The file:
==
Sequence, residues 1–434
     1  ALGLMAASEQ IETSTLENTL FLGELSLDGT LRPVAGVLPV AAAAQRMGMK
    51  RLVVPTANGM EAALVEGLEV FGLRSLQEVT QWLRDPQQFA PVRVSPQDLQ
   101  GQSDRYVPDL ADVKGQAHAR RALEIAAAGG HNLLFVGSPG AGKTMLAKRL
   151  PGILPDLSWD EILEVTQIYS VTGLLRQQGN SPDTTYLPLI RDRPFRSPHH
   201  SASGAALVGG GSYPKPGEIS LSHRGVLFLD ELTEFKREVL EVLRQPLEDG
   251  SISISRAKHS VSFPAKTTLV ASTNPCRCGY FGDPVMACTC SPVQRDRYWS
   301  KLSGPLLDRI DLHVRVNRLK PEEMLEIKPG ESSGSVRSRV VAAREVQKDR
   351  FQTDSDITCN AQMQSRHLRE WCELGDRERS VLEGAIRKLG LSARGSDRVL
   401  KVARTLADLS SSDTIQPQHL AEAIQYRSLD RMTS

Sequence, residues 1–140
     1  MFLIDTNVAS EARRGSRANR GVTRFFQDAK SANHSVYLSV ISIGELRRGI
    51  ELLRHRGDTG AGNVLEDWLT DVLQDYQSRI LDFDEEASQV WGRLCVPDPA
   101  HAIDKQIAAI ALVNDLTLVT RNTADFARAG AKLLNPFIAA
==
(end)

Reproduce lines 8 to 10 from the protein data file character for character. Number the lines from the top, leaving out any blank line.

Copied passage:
   301  KLSGPLLDRI DLHVRVNRLK PEEMLEIKPG ESSGSVRSRV VAAREVQKDR
   351  FQTDSDITCN AQMQSRHLRE WCELGDRERS VLEGAIRKLG LSARGSDRVL
   401  KVARTLADLS SSDTIQPQHL AEAIQYRSLD RMTS